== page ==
Eritrea’s Context, Motivation, Sustainability & Intergenerational Equity
Any intelligent, meaningful engagement in the C21st with a sovereign state can only occur first by understanding its context and hence a nation’s motivation.
Engagement otherwise, especially when utilising just the lens of human rights cannot provide generative, sustainable and / or context specific solutions and importantly peace.
Academics have long criticised the failure of international law, especially post-cold war, to recognise “collective rights”. That is the continued subordination of collective rights in favour of individual and political rights. Today, NGOs are deliberately funded and with mandates to engage prescriptively, without context, and through a myopic lens of individual and political rights only – a convenient western lens for a convenient western agenda – .
Such engagement does more harm than good as it fails to address the context and protect the collective rights of the nation’s people and thus creates further violations of human rights.
Eritrea is one of nine youngest sovereign nations in the international community in the last 25 years. Also, one of the poorest, – as it emerged from thirty years of struggle for independence, and yearning for its human rights and human dignity.
The struggle was a collective one, and engaged all ethnicities, Christians and Muslims alike. The Eritrean diaspora supported the war efforts through charitable donations, organisations and institutions set up abroad to support the Eritrean struggle and war effort.
After independence in 1993, there was rapid economic development. However, this was not to last. This rapid economic development was debilitated by deliberate and subversive campaigns to stall the Eritrean people’s right to development.
The first of these campaigns was Ethiopia’s laying of facts on Eritrean sovereign territory and the ensuing border war in 1998-2000. And then the international community’s failure to enforce Ethiopia’s implementation of the Ethiopia Eritrea Boundary Commission (EEBC) decision pursuant to the Algiers Peace Treaty, 2000.
The second campaign, the unjustified sanctions – albeit an arms embargo, were designed to prevent investment into the country.And today as if this was not enough, and in an attempt to bring this young country to its knees – the third campaign.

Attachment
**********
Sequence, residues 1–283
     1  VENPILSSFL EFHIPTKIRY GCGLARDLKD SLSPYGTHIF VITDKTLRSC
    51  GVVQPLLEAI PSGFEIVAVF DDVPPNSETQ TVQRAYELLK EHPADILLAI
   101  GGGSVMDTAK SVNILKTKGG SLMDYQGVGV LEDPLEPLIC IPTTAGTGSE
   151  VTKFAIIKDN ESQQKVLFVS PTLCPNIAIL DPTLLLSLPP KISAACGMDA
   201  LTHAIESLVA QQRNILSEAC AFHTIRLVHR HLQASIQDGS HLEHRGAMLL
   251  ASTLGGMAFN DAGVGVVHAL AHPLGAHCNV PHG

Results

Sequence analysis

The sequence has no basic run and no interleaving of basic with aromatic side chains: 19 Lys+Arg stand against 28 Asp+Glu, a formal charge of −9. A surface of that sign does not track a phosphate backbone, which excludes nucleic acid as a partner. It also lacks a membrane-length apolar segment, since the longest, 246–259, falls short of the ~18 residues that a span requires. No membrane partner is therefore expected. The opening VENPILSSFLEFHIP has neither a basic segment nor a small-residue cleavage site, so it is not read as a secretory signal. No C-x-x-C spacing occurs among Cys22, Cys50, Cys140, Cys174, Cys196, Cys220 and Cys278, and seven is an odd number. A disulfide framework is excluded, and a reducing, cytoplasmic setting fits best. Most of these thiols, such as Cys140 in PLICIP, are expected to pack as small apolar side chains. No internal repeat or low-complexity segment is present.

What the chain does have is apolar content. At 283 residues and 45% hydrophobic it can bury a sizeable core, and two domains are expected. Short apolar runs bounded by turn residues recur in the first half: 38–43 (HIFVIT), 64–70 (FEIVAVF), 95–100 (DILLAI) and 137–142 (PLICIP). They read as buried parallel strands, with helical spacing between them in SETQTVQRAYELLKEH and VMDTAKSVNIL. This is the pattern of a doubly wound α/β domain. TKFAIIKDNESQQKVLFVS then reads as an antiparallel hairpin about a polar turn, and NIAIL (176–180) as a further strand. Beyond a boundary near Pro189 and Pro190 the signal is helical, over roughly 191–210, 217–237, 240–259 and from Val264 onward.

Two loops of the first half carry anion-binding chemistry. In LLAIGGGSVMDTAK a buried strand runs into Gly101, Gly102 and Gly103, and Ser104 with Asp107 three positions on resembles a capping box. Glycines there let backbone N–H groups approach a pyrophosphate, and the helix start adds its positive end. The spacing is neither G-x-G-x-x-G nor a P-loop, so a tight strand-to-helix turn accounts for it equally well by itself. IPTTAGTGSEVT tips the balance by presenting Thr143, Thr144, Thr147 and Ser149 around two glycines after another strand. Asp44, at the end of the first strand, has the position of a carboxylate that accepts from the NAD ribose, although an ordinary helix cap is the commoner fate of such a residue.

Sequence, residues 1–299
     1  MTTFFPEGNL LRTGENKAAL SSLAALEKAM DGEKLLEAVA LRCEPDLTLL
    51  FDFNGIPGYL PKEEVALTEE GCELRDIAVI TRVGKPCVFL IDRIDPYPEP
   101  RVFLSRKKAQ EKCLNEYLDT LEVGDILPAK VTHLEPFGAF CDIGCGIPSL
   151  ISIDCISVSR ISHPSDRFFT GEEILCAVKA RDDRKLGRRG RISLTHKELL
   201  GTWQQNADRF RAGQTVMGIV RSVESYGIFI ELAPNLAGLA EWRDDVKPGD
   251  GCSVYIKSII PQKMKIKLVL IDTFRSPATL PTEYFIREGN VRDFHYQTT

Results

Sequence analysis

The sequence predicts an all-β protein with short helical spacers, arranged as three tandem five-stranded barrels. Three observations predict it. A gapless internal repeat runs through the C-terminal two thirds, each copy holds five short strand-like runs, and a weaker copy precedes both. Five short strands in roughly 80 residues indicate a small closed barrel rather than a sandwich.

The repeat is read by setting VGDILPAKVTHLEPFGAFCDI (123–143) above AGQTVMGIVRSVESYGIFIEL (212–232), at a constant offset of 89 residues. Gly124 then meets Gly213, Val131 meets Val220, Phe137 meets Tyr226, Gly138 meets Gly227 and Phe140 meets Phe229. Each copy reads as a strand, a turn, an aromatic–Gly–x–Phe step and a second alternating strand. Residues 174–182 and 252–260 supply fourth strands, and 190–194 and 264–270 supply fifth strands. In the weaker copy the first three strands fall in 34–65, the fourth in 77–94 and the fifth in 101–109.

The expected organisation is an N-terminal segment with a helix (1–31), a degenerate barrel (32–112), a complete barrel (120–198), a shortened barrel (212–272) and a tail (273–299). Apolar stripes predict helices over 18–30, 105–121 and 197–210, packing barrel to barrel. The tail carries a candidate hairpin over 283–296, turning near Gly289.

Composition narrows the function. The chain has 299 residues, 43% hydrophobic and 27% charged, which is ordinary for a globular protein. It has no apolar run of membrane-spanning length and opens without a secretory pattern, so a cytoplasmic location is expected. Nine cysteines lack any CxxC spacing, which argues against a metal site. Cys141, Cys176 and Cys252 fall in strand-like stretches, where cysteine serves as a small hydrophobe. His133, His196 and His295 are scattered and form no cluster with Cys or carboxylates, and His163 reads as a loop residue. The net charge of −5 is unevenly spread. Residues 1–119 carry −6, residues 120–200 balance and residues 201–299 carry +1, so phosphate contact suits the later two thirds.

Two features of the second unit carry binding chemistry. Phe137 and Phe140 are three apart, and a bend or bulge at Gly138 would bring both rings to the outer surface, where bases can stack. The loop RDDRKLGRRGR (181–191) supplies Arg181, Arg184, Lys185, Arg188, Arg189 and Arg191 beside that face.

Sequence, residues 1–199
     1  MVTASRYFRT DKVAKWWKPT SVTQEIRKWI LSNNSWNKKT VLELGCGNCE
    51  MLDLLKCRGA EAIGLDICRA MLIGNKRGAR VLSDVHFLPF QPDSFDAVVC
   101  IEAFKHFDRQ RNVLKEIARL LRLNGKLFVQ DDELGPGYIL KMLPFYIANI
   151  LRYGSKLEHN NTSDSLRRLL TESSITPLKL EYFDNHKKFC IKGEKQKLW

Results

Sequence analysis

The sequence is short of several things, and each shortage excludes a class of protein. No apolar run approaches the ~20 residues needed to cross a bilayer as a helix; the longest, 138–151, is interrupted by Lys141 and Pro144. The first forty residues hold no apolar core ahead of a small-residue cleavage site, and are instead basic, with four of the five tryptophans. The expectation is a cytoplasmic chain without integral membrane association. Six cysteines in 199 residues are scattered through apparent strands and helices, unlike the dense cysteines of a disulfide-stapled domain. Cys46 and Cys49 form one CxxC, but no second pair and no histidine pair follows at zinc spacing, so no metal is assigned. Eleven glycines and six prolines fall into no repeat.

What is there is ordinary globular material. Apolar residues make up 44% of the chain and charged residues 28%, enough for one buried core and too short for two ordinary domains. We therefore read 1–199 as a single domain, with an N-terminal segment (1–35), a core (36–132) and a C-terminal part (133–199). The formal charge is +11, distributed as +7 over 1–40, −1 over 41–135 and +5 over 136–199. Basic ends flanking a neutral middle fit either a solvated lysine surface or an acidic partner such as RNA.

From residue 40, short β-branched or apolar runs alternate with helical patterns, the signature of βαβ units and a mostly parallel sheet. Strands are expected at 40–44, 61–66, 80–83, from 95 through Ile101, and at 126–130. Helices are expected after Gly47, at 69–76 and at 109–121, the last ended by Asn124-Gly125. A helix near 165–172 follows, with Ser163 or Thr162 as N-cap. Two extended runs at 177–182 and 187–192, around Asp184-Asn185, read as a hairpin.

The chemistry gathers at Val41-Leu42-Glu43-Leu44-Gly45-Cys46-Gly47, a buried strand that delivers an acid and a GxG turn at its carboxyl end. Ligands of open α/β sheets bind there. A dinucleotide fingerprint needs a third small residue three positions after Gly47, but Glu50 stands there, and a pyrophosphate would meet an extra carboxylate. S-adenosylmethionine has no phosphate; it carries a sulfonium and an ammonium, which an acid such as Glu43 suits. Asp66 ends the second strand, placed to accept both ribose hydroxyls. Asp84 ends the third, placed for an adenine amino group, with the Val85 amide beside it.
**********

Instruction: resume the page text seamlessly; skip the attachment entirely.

This third campaign – is the most vicious of them all – the disingenuous media, and activism premised on secondary information and with the sole agenda of destabilising Eritrea through regime change. And thus, violating the collective human rights of the Eritrean people and their vision for an ethical, non-corrupt, sustainable, inter-generational, equitable development of the nation, by its people and for its people.
Of course, the genuine protection of human rights of the Eritrean people is not in accord with subversive activists who have deliberately created a campaign against Eritrea, thus muddying the water using individual human rights as a ploy to destroy genuine dialogue, lock out any other perspectives, hijack politicians with lazy, rehashed, unsubstantiated accounts and access a media filled with fake news to create further hyperbole.
Furthermore, such activism has no interest in respecting the context as the activism is promoted on short termism.
This short termism is like its activism, to ensure that the destabilisation will create rehashed economic models leading to unsustainable development and superficial consumption and consumerism, planetary degradation – the creation of a few super wealthy individuals who have as much interest in the collective rights of the Eritrean people as their activism did.
My conclusions on such activism is evident from the behaviour of other similar activists – who have left countries at the stranglehold of corruption, crippling foreign debt, unsustainable development, pretence of elections and democracy, lack of genuine press freedom, greed, disgruntled youth and a destroyed national identity.
Eritrea’s future trajectory at the behest of such activists, activism which is unwholesome and lacks integrity is a deeply shoddy and grim one.
Genuine activists / activism would have engaged -and through the appropriate mechanisms instead of politicised ones which always have a subversive agenda. Further there are no alternatives or solutions offered. These disingenuous activists have never set foot in Eritrea or at least in the last couple of decades, repeat rehashed accounts without any ground reality and worse still have used false testimonies to bolster their accounts. It is high time that such unethical activism is held accountable for its actions.
Eritrea’s context needs to be respected to ensure the genuine protection of the human rights of the Eritrean people. On the global stage Eritrea is an outlier. It is a country that was born from a collective consciousness, a struggle where human rights were core to its liberation and development and her future.